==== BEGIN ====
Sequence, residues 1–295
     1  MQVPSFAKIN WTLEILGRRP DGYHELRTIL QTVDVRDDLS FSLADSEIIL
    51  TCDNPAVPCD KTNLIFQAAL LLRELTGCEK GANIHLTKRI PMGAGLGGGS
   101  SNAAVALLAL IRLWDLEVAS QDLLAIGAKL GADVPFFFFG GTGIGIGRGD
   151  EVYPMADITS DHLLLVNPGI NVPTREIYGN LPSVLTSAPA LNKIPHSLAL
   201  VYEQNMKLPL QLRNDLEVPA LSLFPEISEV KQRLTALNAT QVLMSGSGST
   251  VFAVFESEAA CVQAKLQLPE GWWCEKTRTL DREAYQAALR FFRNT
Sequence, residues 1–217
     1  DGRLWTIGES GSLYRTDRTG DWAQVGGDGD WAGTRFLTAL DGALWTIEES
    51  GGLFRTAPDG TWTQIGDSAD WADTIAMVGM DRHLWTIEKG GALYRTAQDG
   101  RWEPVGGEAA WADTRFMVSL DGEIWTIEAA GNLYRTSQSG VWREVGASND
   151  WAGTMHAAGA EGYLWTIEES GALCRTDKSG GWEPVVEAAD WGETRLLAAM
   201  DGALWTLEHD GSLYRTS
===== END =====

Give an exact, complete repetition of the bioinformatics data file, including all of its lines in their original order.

Sequence, residues 1–295
     1  MQVPSFAKIN WTLEILGRRP DGYHELRTIL QTVDVRDDLS FSLADSEIIL
    51  TCDNPAVPCD KTNLIFQAAL LLRELTGCEK GANIHLTKRI PMGAGLGGGS
   101  SNAAVALLAL IRLWDLEVAS QDLLAIGAKL GADVPFFFFG GTGIGIGRGD
   151  EVYPMADITS DHLLLVNPGI NVPTREIYGN LPSVLTSAPA LNKIPHSLAL
   201  VYEQNMKLPL QLRNDLEVPA LSLFPEISEV KQRLTALNAT QVLMSGSGST
   251  VFAVFESEAA CVQAKLQLPE GWWCEKTRTL DREAYQAALR FFRNT
Sequence, residues 1–217
     1  DGRLWTIGES GSLYRTDRTG DWAQVGGDGD WAGTRFLTAL DGALWTIEES
    51  GGLFRTAPDG TWTQIGDSAD WADTIAMVGM DRHLWTIEKG GALYRTAQDG
   101  RWEPVGGEAA WADTRFMVSL DGEIWTIEAA GNLYRTSQSG VWREVGASND
   151  WAGTMHAAGA EGYLWTIEES GALCRTDKSG GWEPVVEAAD WGETRLLAAM
   201  DGALWTLEHD GSLYRTS